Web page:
This week, we discuss the NATO summit and decisions to support Ukrainian reconstruction; why Russia has stumbled so significantly in Ukraine; how restricted access to reproductive health care could affect U.S. national security; why the “Barbie” movie was banned in Vietnam; job-related stress among America’s school superintendents; and the path toward peace in Yemen.
Security decisions made at this week's NATO summit in Vilnius, Lithuania, are essential to Ukraine's fight against Russia. But, as RAND experts wrote in the Los Angeles Times, such decisions will be just as important—if not more so—after the war ends. In other words, they will “set the tone” for Ukraine's reconstruction.
NATO members have a range of options to support Ukraine's rebuilding efforts. To start, they could extend current arrangements of providing military support to Ukraine, which the G7 affirmed through a joint declaration on Wednesday. Stronger still, they could threaten to introduce Western forces into Ukraine. Or, they could bring Ukraine into NATO—a step that a number of allies pledged to take this week, without providing specifics on timing.
Whatever happens next, further “clarifying security arrangements and moving toward firm postwar security assurances” will be vital to Ukraine's reconstruction success.
Many expected Russia's invasion of Ukraine to last only a matter of weeks. Instead, Moscow faltered against a strong Ukrainian resistance and committed a series of missteps. Why has Russia stumbled so significantly? A new RAND report finds that poor planning and lack of capacity in logistics and sustainment are partly responsible, as they left Russian soldiers without the means to fight and likely affected morale. This may be a cautionary tale for any force planning a prolonged fight, the authors write.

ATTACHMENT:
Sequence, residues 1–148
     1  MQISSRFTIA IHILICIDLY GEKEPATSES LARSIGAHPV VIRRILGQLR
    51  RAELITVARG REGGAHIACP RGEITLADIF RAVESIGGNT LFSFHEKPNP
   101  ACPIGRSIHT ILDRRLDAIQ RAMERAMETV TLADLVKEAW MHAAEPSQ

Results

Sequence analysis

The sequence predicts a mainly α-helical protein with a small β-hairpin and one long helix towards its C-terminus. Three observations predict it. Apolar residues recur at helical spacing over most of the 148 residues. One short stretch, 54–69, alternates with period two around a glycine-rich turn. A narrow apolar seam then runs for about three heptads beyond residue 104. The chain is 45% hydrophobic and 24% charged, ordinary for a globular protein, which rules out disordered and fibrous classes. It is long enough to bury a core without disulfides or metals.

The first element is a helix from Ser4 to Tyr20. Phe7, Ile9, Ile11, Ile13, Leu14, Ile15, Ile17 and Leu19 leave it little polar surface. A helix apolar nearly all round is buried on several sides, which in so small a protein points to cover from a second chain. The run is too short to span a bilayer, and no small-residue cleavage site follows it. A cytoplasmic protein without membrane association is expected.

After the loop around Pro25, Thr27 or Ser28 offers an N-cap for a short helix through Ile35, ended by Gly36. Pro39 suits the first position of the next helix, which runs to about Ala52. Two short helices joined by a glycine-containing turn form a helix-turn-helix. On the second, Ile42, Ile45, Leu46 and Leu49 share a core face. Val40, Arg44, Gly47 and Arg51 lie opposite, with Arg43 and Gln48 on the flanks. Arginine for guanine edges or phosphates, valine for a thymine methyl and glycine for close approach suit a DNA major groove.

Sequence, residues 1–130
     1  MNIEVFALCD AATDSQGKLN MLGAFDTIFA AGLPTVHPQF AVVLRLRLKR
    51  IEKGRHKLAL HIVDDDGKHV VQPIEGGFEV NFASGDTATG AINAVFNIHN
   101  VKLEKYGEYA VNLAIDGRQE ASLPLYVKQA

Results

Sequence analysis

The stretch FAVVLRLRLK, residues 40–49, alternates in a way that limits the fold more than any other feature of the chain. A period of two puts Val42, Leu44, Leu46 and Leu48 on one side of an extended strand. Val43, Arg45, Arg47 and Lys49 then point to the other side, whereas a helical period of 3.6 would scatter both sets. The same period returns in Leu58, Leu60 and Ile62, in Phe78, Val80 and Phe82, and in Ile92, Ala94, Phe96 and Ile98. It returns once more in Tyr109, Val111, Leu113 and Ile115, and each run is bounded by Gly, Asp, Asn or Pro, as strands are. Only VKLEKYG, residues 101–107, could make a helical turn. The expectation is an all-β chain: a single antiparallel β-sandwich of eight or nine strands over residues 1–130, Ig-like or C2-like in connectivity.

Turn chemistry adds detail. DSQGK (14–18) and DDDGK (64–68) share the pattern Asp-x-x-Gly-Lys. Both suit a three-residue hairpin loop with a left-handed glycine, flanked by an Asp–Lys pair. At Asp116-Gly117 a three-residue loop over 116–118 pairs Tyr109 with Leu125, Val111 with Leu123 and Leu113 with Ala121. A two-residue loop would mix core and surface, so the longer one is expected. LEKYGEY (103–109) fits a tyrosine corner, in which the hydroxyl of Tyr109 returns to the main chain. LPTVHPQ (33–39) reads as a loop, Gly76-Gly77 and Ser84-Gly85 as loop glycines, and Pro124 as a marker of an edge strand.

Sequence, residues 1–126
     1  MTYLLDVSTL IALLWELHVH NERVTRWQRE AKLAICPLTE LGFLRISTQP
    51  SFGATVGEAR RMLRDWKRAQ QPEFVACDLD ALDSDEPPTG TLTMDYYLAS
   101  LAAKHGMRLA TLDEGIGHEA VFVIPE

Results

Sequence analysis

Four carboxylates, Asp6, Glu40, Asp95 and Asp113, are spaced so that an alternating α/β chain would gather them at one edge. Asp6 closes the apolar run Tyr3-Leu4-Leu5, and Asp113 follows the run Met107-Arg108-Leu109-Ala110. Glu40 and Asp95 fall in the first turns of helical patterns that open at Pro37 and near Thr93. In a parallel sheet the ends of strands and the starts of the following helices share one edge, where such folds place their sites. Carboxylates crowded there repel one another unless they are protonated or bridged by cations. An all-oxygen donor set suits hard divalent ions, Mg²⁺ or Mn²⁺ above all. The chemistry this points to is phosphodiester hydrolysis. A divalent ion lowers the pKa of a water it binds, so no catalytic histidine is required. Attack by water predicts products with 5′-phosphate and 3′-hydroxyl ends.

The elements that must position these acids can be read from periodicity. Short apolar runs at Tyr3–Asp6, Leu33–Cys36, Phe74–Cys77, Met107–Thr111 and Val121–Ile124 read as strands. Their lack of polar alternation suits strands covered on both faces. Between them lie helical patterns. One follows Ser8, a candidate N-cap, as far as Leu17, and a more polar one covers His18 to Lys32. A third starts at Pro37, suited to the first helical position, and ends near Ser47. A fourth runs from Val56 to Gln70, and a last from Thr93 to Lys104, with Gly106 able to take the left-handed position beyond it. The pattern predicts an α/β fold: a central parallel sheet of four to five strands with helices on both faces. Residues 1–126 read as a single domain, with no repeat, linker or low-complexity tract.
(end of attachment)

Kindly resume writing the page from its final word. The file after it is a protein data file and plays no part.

One year after the reversal of Roe v. Wade, about half of all women serving in the active-duty U.S. military have limited access to reproductive health care. According to RAND experts, these restrictions could lead more women to turn away from military service altogether. This is especially worrying in an already-difficult recruiting environment, they say, and it could have an effect on national security.
The highly anticipated “Barbie” movie will not be hitting theaters in Vietnam later this month. The country banned the film because it includes a map featuring the controversial nine-dash line, which indicates China's claims to disputed territory in the South China Sea. A 2022 RAND paper provides a primer on this complex issue, reviewing the history of territorial claims—and the risks of ongoing militarization—in this important region.
This spring, RAND surveyed 150 superintendents in school districts across the country to learn more about their job-related stress. The vast majority of respondents—79 percent—said that their work was often or always stressful. Superintendents most commonly cited “the intrusion of political issues or opinions into schooling” as a source of that stress. Notably, most said their jobs are worth the stress and disappointments.
More than a year ago, the United Nations brokered a nationwide truce in Yemen. Even though the deal has formally expired, the halt in fighting between the Houthis and the Saudi-led coalition has mostly held. The importance of this truce should not be understated, says RAND's Alexandra Stark. However, ending the war in Yemen for good will require continued engagement from U.S. and other diplomats, as well as a peace process that includes all parts of Yemeni society.
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